He reminds us that profits taken from developing countries rose from $17 billion in 1990 to $169 billion in 2005. The banks profit from every debt crisis, while the crises have cost the developing countries a quarter of their output in the last 25 years. As NatWest boasts, "Currency and interest rate volatility provided significant trading opportunities."
Green then says that powerful states and corporations must stop doing harm. Indeed, that would be nice. He admits, "the private sector on its own has never achieved growth with equity", but he says this is because we haven't understood markets properly.
He notes that reform proposals are blocked by `powerful governments and financial interests', that "Powerful interests profit from the lack of regulation ... global institutions are weak or are dominated by governments in thrall to those vested interests" and that `local elites' violently oppose land reform. He observes, "To curb the extreme volatility of capital flows will be politically difficult, as volatility has acquired its own constituency in the shape of powerful financial institutions which profit from the daily surges of capital markets. But the alternative is that an increasingly uncontrollable world of international finance will destabilise governments, drive up inequality, and precipitate deeper and more frequent financial crises."
After all this, he writes, "Sustainable growth means ... acknowledging that the private sector and trade ... are the ultimate drivers of the economy, and it means supporting them with policies, investment, and institutions." That will make them change their spots! He admits the flaws in development thinking, chiefly `excessive reformism without politics or history' - which this book exemplifies.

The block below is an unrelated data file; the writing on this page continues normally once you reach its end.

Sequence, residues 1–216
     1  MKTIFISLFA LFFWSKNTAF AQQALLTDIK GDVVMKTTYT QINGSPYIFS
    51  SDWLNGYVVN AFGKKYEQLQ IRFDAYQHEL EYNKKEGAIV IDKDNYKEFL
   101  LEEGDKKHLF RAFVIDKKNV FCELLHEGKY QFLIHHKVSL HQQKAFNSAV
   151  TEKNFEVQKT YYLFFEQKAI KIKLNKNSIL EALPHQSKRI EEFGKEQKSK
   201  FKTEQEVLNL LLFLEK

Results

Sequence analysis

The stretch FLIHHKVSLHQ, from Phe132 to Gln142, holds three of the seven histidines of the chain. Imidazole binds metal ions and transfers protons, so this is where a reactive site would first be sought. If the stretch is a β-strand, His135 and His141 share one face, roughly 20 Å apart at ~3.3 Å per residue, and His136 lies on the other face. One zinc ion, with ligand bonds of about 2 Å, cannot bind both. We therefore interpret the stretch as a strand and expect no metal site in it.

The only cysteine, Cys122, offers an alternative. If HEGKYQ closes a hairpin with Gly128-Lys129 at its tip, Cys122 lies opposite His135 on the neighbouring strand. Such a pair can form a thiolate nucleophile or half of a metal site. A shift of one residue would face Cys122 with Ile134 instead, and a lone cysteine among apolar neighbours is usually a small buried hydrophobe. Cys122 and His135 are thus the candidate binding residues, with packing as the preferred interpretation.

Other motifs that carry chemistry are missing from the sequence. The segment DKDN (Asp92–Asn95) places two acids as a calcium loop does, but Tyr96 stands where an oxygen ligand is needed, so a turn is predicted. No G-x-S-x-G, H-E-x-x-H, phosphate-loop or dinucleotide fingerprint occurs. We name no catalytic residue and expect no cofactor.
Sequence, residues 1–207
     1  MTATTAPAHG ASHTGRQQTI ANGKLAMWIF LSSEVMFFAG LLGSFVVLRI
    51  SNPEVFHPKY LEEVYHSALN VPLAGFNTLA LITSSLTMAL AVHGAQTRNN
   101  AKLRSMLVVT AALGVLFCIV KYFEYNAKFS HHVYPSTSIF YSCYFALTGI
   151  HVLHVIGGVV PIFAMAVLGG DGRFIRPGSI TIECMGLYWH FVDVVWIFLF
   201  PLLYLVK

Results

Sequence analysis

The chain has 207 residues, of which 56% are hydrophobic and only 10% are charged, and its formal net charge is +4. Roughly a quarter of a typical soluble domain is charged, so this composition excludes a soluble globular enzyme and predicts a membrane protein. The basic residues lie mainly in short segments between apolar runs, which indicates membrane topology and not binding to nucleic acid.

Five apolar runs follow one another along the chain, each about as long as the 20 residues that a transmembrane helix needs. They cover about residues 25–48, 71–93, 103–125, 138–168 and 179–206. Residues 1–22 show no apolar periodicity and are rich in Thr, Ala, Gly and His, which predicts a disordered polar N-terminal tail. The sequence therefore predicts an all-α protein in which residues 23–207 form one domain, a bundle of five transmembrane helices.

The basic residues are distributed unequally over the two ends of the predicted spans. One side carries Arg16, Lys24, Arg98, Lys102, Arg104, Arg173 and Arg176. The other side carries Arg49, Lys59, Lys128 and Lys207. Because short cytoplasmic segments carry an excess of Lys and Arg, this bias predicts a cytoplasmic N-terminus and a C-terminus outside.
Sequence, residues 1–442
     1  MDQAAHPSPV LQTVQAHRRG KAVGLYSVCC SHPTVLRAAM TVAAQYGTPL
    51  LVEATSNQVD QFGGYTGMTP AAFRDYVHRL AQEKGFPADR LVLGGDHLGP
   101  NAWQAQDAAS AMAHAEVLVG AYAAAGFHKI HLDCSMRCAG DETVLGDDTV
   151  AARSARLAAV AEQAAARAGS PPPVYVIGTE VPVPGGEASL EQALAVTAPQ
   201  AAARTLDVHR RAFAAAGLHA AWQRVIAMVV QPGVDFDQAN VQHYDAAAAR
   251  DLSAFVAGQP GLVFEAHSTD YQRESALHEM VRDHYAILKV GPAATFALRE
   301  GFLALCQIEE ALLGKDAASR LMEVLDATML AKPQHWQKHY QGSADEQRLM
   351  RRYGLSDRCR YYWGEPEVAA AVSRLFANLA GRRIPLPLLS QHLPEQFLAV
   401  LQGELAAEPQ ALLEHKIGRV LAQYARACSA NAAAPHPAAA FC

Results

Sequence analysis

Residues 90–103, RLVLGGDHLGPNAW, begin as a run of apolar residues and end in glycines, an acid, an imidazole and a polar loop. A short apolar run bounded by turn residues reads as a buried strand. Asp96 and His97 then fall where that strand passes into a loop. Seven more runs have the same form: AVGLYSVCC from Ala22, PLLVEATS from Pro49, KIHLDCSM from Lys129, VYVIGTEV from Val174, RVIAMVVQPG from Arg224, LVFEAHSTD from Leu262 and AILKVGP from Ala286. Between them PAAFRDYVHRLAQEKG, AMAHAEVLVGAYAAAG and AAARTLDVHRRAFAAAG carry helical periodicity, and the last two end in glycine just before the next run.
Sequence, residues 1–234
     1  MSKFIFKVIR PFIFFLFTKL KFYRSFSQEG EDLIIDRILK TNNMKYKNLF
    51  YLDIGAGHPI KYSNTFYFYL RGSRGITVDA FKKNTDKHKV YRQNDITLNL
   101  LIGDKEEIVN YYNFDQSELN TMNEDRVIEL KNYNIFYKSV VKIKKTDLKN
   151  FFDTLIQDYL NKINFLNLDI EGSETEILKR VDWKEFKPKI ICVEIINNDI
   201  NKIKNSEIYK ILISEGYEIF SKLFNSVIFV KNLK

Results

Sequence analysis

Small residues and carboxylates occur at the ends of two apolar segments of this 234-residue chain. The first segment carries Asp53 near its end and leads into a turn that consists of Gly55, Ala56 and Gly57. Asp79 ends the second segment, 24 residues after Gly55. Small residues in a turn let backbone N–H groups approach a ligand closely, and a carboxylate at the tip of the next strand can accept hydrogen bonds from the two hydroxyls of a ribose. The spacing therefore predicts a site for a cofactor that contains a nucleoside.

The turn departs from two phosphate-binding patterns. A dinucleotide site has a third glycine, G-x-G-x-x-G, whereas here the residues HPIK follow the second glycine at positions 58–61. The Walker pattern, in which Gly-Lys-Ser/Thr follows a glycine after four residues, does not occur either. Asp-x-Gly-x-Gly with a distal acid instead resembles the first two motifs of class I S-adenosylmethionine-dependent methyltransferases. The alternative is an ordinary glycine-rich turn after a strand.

Green observes, "the misguided actions of global institutions and the short-sighted policies of wealthy countries often pose threats to development." But is the problem really a lack of knowledge and of vision, to be put right by Oxfam's wisdom? This is the academics' fallacy, that if only our rulers knew better, they would do better.
Does Oxfam really think anyone can persuade the world's capitalist classes to act against their own interests? We need the world's working classes to act in their own interests, to get rid of this failed, destructive system.